slide19
Gift tax is the tax on the value of goods received by a person from another person who is still alive.
  • Inheritance tax is a tax on the value of an inheritance received by a person from another person who has died. A certain amount of each gift or inheritance is exempt from this tax. The amount of the exemption depends on the closeness of the relationship between the giver & the recipient.
slide20
The main taxes paid by businesses
  • Corporation Tax

This is a tax on company’s profits. The govt. has reached an agreement with the European Commission for the introduction of a 12 ½ % corporate rate on trading income since 1st January 2003. This is seen as quite a low percentage but it is necessary to attract foreign investment in this country.

  • Capital gains tax is a tax paid on the profits made by a company from selling an asset, e.g. selling property.
slide21
Customs dutiesare taxes levied on certain types of goods imported into this country. This does not apply to imports from the other EU member states. This only applies to countries outside this free trade area.
  • Employers’ PRSI– This is a compulsory insurance payment levied on firms for every employee they have. Money goes towards unemployment payments, pensions, maternity benefits.
slide22
The PAYE system.

This is the system of tax collection used in Ireland. Businesses do not have to pay this tax but they must register as an employer with the revenue commissioners. Employers deduct the tax automatically from their employee’s wages and pass it on to the revenue commissioners.

VAT - Is a tax paid by consumers on certain goods and services. When goods/services are bought, VAT is paid. The two main VAT rates are 13 % and 21 ½ %.

slide23
The SELF-ASSESSMENT SYSTEM
  • Applies to all self-employed people (e.g., accountants, carpenters, electricians, painters, taxi drivers). It makes sure that all self-employed people are responsible for the calculation & payment of tax. In October the collector general sends each self employed person a notice of preliminary tax due.
slide24
These taxpayers must submit their estimated tax to the revenue commissioners by 31st October.
  • Preliminary tax is the estimated of how much taxpayers think they owe during the tax year.
  • A tax audit is a detailed look at the taxpayer’s financial records by the revenue commissioners.
key definitions
Key Definitions
  • Direct tax – is a tax on income or wealth. All the taxes such as DIRT, CGT and CAT is examples of these.
  • Indirect Tax – is any tax on goods and services. An indirect tax is paid when spending money. Examples of this would be VAT, Customs duties, stamp duties.
slide26
TYPICAL LC style question

Discuss the similarities & differences between managing household and business tax?

To answer

Def: TAX 1/2 lines

  • discuss in point form 4/5 similarities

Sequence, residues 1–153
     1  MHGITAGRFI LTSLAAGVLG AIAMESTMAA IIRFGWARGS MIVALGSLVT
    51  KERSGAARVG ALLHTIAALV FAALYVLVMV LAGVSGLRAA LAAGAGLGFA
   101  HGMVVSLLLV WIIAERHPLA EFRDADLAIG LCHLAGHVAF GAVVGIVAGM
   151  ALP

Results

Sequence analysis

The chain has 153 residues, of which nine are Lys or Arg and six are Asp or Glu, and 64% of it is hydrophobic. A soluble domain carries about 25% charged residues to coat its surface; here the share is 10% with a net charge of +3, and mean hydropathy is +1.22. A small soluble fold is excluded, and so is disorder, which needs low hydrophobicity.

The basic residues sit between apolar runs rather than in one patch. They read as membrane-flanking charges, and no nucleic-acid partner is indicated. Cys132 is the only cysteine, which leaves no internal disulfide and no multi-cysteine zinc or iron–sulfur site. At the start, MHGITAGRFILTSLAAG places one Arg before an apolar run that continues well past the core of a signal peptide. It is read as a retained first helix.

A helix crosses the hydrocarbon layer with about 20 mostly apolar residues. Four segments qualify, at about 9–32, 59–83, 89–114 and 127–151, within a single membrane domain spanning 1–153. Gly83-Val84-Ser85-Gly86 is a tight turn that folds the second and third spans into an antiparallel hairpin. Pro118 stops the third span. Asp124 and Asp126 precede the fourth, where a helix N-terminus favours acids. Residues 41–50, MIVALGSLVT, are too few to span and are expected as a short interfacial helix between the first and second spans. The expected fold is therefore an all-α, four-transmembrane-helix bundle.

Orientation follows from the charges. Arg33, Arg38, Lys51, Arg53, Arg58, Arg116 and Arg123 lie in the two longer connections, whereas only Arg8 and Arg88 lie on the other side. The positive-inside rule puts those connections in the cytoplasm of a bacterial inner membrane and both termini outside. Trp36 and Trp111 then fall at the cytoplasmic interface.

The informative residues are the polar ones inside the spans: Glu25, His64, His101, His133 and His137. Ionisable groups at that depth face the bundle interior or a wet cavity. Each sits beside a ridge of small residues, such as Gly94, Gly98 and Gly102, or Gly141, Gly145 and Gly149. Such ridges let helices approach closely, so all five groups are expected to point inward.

• discuss in point form 4/5 differences
how the paye system operates
HOW THE PAYE SYSTEM OPERATES

All new employees to the PAYE system follow the same procedure.

  • Form P12A
  • Notice of Tax Credits
  • Emergency Tax
  • Tax Credits
  • P 35
  • P 21 (balancing statement)
  • P 45 (cessation certificate)
  • P 60
lc 2007 q5
LC 2007 Q5

(A) Distinguish between the following taxation forms: Form P21 and Form P60.

(20 marks)

(B) From the following information, calculate the net annual take-home pay of Ms. Joan

McCormack.

Joan McCormack is an employee of Lynch Printers Ltd and earns a gross annual salary of

€84,000.

She is allowed the following tax credits: Single Person credit of €1,760 and PAYE credit of

€1,760. The income tax rates are: 20% on the first €34,000 (standard rate cut-off point) and

41% on the balance. The employee PRSI rate (including the health levy) is: 6% on the first

€48,800 and 2% on the balance.

(20 marks)

(C) Explain the term TQM and describe how it can be of benefit to an organisation.

(20 marks)

(60 marks)

lc 2007 q5 solution
LC 2007 Q5 SOLUTION

Form P21

Form P21 is known as a ‘balancing statement’. All PAYE taxpayers are entitled to request a

Form P21 annually from the Inspector of Taxes. It is an end of year summary of an

employee’s tax situation and contains all details of income, allowances and the calculations of

the tax payable at the various rates for the year. Form P21 will indicate if an employee has

overpaid or unpaid tax for the year. If an employee has overpaid tax, the Inspector of Taxes

will issue a tax refund. If an employee has underpaid tax, the Inspector of Taxes will issue a

tax demand.

Form P60

A P60 is issued by an employer to each of his/her employees at the end of each tax year. It is a certificate which shows details of gross pay, and tax and PRSI deductions made during the year. After 31 December each year, all PAYE taxpayers receive from their employers a Form P60 which has two parts. A PAYE taxpayer has a statutory right to this document and it is used as proof of income for various purposes, e.g. education grants.

b take home pay 56 588
B) Take home pay £ 56, 588

C) TQM

TQM or Total Quality Management is a long-term focused effort to change all parts of an organisation to produce the best products or services for its customers. There are basically three principles to a TQM approach:

• Satisfying customer needs

• Providing top quality products and services

• Teamwork.

TQM of benefit to an organisation (describe):

• Quality of products

• Reduced costs

• Staff motivation

• Public image

• Customer satisfaction

• Productivity.